Cambridge University Press, Dec 10, 1998 - Language Arts & Disciplines - 216 pages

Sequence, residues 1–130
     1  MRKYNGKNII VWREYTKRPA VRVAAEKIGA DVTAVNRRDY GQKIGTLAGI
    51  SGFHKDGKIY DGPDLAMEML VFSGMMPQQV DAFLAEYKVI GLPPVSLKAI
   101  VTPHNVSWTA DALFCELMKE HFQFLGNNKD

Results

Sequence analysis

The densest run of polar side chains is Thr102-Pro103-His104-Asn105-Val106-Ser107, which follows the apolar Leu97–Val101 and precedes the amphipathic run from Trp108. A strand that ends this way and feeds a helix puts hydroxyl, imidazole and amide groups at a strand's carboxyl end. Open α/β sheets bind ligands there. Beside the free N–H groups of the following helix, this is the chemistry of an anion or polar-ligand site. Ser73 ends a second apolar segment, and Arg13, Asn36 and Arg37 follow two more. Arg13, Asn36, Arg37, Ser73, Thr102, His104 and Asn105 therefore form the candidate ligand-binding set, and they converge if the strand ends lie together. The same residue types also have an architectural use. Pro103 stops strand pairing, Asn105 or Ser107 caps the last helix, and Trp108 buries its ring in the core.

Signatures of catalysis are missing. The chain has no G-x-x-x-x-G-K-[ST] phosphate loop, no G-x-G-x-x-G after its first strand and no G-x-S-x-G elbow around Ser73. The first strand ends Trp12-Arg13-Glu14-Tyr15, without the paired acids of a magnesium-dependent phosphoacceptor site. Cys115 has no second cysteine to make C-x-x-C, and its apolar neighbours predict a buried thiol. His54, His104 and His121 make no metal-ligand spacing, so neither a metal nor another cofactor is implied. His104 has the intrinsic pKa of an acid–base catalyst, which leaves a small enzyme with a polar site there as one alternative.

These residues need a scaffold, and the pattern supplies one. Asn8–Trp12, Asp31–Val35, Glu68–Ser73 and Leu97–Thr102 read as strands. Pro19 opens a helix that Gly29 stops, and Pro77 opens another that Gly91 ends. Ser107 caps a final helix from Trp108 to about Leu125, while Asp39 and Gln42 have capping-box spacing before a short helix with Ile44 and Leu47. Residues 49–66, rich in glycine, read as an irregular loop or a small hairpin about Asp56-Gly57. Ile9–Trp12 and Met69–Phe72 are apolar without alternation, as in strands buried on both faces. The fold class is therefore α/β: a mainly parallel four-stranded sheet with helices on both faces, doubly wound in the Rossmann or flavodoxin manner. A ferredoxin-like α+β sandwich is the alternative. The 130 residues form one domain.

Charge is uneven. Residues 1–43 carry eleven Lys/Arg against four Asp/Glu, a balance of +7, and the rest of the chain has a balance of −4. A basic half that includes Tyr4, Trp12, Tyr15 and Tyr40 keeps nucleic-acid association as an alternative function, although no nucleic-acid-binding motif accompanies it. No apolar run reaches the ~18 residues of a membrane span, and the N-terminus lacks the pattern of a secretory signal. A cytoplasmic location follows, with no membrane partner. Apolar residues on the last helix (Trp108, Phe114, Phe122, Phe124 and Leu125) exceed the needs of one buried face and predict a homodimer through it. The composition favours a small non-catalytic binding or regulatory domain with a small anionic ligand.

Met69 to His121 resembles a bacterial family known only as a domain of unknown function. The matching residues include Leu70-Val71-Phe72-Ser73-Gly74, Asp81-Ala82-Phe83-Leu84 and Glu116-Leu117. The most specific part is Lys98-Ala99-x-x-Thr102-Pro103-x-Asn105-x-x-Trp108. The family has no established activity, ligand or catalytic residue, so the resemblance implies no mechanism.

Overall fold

Indonesian is the national language of a vast, plural nation state, the world's fourth-largest country with a population of over 200 million. Although its use is growing rapidly, and is now spoken by nearly everyone over the age of six, it has almost relatively few native speakers. This remarkable growth, unprecedented in the development world, is largely due to the forceful presence of state institutions that use, promote, and disseminate a language first introduced by the Dutch colonial administration. Joseph Errington's third book on language in Indonesia is a detailed analysis of 'shifting languages' in two small Javanese communities. A key figure in this area of research, he examines changing conversation practices in relation to questions of ethnicity, nationalism, and political culture. Errington concludes that the Javanese story has theoretical implications beyond the two villages to other parts of Indonesia, South East Asia, and to the developing world in general.
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